Pros of Microloans

Microloans provide financial assistance to individuals who may not qualify for traditional loans, making them easier to obtain.

Moreover, microloans can assist in building a positive credit history, potentially increasing your eligibility for conventional loans if you ever need one.

Cons of Microloans

But, as you might guess, not everything is flawless. One drawback of microloans is the interest rate, which tends to be higher compared to traditional loans.

However, it’s understandable, there is a bigger risk involved in loaning money to people without collateral. There’s a chance that people may end up with more debt than they can handle.

Microloans vs. Traditional Loans

Despite that you may be looking for an alternative to traditional loans in microloans due to credit history or collateral, it’s still important to get a good idea of the differences between microloans and traditional loans to make good financial choices.

The difference and be sum in two main points:

  • Microloans are usually for smaller sums, have more relaxed eligibility criteria, have fewer requirements and usually come with higher interest rates.
  • Conventional loans, in contrast, tend to be larger, you need collateral, and a good credit history, and an application process is usually a lot more stringent.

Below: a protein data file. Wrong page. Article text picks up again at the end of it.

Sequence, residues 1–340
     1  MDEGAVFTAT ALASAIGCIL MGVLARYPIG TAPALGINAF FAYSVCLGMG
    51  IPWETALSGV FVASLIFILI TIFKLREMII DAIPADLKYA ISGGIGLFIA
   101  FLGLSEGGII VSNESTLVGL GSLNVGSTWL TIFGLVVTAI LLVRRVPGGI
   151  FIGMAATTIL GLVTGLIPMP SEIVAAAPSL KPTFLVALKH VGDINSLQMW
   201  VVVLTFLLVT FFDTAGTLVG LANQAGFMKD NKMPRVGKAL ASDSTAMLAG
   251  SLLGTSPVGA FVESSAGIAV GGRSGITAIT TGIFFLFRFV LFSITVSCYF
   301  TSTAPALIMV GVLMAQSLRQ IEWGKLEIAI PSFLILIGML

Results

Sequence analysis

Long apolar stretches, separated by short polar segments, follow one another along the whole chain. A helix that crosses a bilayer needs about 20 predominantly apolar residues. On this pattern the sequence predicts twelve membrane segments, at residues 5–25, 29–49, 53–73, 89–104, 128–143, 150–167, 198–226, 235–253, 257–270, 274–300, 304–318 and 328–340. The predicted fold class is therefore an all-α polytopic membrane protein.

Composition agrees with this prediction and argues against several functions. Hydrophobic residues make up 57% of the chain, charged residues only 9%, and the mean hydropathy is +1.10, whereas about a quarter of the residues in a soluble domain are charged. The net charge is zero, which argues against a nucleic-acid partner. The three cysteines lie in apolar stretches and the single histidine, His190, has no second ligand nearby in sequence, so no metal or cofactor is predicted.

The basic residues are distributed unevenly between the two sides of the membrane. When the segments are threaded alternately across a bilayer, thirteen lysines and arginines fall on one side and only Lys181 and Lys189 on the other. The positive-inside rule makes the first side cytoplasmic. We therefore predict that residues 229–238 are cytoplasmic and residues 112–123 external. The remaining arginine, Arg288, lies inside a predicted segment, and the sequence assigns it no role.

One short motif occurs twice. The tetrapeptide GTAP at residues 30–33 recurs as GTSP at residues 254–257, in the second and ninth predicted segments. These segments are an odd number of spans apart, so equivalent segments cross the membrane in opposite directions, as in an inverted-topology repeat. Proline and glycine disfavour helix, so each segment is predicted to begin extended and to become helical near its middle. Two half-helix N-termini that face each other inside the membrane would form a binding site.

Different currency bills and banknotes
Unlike traditional loans, microloans can help people in developing countries where bank services are not as good as in other countries.

Which One Is Right for You?

In order to decide between a microloan and a traditional loan, you need to see the full picture, and this decision is based on three points, your financial needs, business goals, and most importantly, eligibility.

Microloans are perfect for you if:

  • You’re just starting
  • You have restricted access to banking services
  • Don’t have collateral
  • Don’t have a credit history

How to Apply for a Microloan

Applying for a microloan is a simple process and pretty straightforward, first, you need to contact an institution and complete the application form.

You usually need to give out your personal information, or business details and a plan that outlining how you will be using the loan.

Required Documentation

Most lenders typically request identification, proof of income, business licenses, and a detailed business plan, although the required documentation may vary. Some might ask for references or credit history, but this is not as typical in microfinance.

Eligibility and Application

Microloans are meant to be easily accessible, yet applicants must still meet certain criteria. It’s important to grasp these requirements for a successful application.

Who Qualifies for a Microloan?

Most of the microloans are for entrepreneurs or small business owners but nowadays you can find microloans for people that need them for day-to-day cases, like appliances, or remodelations.

When it comes to eligibility, microloans are a lot more flexible, helping people from developing countries, without credit history and without collateral or the ones that don’t have easy access to proper banking services.